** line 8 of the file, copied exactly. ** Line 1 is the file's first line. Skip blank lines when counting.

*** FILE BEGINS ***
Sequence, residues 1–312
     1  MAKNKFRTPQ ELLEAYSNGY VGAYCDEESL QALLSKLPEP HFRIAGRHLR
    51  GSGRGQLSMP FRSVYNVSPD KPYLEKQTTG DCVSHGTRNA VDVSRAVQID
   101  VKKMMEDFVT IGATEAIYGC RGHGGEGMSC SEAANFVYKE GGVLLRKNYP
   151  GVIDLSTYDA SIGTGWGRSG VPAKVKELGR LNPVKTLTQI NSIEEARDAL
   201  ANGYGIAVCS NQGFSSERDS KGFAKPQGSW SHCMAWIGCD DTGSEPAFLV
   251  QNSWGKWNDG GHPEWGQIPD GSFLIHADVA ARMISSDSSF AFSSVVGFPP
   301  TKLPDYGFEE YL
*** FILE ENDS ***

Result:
   301  TKLPDYGFEE YL